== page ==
>>'It is not only pedantic but also ultimately useless to try to frame DESDEMONA - the richness of texture is what gives the play the pulsating sheen that shone so brightly that night'

And on the other level, it is a feminist war cry against the domination of man, the need to reach deep into your soul to find your female psyche. From Desdemona's lament to her mother to Othello's own remembrance of his own mother, DESDEMONA cries out for the mother's womb. Desdemona's need to come of her own sees her finding her own partner Sword - and it is her who gives him a name, not the other way around. The final revenge lies deliciously with her as Sword delivers a poisonous kiss to Othello, a complete annihilation of Othello's claim to masculinity.

Or is it a political vehicle, a commentary of Singapore's PAP-style mastery over her citizens who are striving for an identity beyond economic numbers? From one colonial master to another, the people of Singapore might have got rid of the Western colonialist but are still held captive by another. At the same time, this daring deconstruction of the Western world's most treasured playwright is testimony to the rising Asian consciousness in the face of Western hegemony. Western ideology is replaced by traditional and modern Asian art forms that reject the need to be modern, the assumption that being Western is better. The puppet that eventually cuts off its strings, Asia is ready to be heard.

For the confused and annoyed, this review will probably be of little help. It is not only pedantic but also ultimately useless to try to frame DESDEMONA - the richness of texture is what gives the play the pulsating sheen that shone so brightly that night. By deconstructing the whole processing of deconstruction, Ong Keng Sen talks to the followers who resonate with DESDEMONA. To reward the pilgrims, Ong dishes out the postmodern knowing wink Mona, the surrealistic appearances of installation artist Matthew Ngui, the über-deconstructionist exercise of deconstructing the play within the play - playful tricks that filled the already layered play with even more texture.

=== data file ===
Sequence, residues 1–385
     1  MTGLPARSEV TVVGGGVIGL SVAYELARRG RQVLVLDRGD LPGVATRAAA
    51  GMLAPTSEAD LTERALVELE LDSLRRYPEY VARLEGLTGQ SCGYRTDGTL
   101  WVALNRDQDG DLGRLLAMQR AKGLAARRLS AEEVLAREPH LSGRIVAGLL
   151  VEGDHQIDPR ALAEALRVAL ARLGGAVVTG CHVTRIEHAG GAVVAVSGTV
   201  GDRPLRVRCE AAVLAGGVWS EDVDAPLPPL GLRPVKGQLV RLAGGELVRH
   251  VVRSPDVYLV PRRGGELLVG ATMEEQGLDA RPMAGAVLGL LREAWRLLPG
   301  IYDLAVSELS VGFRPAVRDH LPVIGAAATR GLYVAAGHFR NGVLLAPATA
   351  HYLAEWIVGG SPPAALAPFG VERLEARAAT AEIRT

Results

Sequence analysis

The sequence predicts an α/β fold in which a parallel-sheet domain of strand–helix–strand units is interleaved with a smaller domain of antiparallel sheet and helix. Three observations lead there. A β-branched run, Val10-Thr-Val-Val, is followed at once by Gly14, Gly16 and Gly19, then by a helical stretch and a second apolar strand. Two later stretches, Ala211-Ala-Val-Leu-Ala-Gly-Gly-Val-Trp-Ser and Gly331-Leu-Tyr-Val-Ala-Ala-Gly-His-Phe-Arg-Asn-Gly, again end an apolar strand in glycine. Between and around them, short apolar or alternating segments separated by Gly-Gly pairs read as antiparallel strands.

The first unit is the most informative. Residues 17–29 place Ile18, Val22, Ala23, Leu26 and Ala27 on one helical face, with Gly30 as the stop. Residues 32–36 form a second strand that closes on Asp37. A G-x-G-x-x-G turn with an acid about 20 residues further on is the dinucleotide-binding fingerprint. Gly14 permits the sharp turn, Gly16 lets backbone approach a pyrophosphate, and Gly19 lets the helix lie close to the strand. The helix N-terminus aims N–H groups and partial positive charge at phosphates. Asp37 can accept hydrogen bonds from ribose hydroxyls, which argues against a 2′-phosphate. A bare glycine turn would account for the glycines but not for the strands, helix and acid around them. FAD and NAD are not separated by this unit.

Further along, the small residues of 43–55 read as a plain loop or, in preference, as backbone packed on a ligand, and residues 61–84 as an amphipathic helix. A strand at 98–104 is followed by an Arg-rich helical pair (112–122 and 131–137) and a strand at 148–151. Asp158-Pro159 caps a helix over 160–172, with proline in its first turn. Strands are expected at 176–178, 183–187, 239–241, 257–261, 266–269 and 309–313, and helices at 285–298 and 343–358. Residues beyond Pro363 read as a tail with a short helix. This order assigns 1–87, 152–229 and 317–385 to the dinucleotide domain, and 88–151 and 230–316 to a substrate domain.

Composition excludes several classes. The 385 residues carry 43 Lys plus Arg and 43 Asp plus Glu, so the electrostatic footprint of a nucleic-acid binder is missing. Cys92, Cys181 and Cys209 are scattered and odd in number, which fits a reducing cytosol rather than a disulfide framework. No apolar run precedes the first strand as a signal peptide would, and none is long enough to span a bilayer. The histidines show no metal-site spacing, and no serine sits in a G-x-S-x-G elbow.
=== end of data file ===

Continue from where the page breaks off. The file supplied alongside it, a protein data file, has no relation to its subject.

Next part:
Again the set design by Justin Hill (as in LEAR) was a clear winner amidst all the nebulousness. Using mainly a stage made of wooden strips, the sterile, minimal set reminded the audience not to immerse themselves too hard in the play - that it is not the entirety that matters but rather the process.

Yet it is also this cleverness that drags the play down in the middle. With the purple prose blabbering on the screen while obscure lines floats by the audience, it is not surprising that many of the audience couldn't fathom what the hell was going on. Sometimes pretentious and other times overly indulgent, DESDEMONA showed in a span of 90 minutes what a good play should do and what it shouldn't do.

Ong was utterly correct when he said "some people will absolutely hate [DESDEMONA]".

Yet for all those who think DESDEMONA was an airy fairy piece of theatre excess, there will be others who appreciate her for what she is - misunderstood beauty, wild flower, defiant temptress, divine martyr, mother courage, sister grace and the phoenix arising from her own ashes. The twain might never meet but really theatre is all the richer for this diversity - Desdemona has indeed risen from her ashes!